When is the last time you saw me writing a blog post on a book? You wouldn’t have, cos I never did. In spite of my reservations against blogging about books, this one made me do otherwise. If you ask me why? the most appropriate answer would be, none other connected with me as deep as this one.
First of all, I would like to thank my sis Sarumathi for gifting me this wonderful book with a sweet personal inscription on the first page. During one of our conversations lately, she mentioned that the book reminded her of myself when she read it and that’s the reason why she gifted the same. So, Saru, I am too glad that you did. As you mentioned, it’s definitely something that I will treasure forever.
Where do I start, how about the book’s name? It’s TUESDAYS WITH MORRIE: An Old Man, a Young Man, and Life’s Greatest Lesson by Mitch Albom. This short read is all about the author’s discovery about his terminally ill old sociology professor via a TV interview, his efforts to connect back with him and a series of Tuesday meetings between them that follows. This non-fiction is a project of Mitch Albom, a wannabe musician turned sports journalist along with his dying professor Morrie Schwartz to fund his treatment.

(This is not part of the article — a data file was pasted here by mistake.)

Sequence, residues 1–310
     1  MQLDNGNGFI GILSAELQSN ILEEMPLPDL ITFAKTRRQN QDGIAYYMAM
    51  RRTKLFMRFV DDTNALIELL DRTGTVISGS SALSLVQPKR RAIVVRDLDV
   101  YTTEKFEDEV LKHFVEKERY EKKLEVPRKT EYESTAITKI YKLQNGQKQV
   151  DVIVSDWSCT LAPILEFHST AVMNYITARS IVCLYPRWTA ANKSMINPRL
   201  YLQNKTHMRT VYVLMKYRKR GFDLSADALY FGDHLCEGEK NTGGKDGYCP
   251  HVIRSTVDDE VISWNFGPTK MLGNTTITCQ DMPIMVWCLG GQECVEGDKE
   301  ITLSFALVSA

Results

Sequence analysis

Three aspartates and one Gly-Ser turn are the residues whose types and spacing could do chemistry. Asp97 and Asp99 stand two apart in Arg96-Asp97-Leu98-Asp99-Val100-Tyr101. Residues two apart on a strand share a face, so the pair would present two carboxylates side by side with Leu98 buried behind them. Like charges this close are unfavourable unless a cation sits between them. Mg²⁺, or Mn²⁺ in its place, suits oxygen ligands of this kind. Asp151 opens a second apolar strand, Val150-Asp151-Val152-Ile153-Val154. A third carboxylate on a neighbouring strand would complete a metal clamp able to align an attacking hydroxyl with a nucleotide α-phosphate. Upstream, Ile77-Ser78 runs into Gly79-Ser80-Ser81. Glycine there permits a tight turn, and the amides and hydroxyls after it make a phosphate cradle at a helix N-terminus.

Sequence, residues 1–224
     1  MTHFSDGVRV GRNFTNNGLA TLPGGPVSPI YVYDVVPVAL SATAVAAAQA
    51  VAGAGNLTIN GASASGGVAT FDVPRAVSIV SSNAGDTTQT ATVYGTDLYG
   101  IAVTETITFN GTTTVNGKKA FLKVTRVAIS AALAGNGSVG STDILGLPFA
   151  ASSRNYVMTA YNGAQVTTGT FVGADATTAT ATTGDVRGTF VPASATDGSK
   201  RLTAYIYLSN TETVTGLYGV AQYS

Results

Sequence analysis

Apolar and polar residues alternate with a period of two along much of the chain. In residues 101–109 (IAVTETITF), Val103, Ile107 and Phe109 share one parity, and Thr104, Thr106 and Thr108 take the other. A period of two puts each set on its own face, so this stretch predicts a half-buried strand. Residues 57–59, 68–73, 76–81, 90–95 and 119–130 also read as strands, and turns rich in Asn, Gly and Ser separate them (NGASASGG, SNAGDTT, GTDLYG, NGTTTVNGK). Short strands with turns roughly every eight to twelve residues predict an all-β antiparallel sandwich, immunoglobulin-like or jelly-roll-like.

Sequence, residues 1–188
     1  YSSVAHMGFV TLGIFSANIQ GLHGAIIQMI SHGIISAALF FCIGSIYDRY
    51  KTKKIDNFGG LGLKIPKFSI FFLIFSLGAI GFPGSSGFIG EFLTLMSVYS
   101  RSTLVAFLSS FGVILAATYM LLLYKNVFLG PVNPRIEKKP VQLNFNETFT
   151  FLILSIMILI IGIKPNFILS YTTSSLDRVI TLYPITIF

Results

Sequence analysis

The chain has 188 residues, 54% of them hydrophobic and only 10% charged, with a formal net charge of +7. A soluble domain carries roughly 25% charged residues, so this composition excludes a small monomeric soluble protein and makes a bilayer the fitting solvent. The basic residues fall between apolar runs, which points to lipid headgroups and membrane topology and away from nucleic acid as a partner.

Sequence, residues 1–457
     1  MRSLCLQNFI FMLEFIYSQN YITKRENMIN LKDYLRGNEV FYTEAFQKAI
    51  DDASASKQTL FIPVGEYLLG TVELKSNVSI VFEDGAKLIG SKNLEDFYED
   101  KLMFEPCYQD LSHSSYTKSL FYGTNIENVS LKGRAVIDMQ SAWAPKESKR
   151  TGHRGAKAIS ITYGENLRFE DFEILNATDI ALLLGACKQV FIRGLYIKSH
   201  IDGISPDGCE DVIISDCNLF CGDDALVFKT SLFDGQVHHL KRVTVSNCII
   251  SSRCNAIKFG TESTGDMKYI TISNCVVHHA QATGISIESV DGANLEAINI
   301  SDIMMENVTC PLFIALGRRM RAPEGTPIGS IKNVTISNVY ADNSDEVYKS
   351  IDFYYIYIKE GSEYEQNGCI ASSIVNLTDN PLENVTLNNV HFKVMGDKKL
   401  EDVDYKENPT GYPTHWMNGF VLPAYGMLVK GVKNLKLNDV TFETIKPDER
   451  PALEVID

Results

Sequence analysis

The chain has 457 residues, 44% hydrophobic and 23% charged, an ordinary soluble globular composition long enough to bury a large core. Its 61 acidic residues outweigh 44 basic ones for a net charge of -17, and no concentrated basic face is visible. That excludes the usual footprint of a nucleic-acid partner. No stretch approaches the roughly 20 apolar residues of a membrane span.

Why I loved reading this book?
I experienced this strange feeling of feeling both heavy and light-hearted simultaneously while reading it. I was able to well connect with Morrie, his values and his view about life. Tons of times, I have questioned myself on my view on life and the values I uphold. Reading this book felt like someone sitting next to me, gives me a Hi-Fi and comforting me by saying, hey, I am more or less like you and probably you might die merrily if you stay the same. I am always quite skeptical about recommending things to others. But I strongly recommend this one. I completed this book on a Tuesday, isn’t that a silly coincidence.
Concluding this blog post with a few of my favorite quotes from the book.
“Accept who you are; and revel in it.”
“Love is how you stay alive, even after you are gone.”
“Death ends a life, not a relationship. All the love you created is still there. All the memories are still there. You live on- in the hearts of everyone you have touched and nurtured while you were here.”
“The culture we have does not make people feel good about themselves. And you have to be strong enough to say if the culture doesn’t work, don’t buy it.”
“Forgive yourself before you die. Then forgive others.”
“If you’re always battling against getting older, you’re always going to be unhappy, because it will happen anyhow.”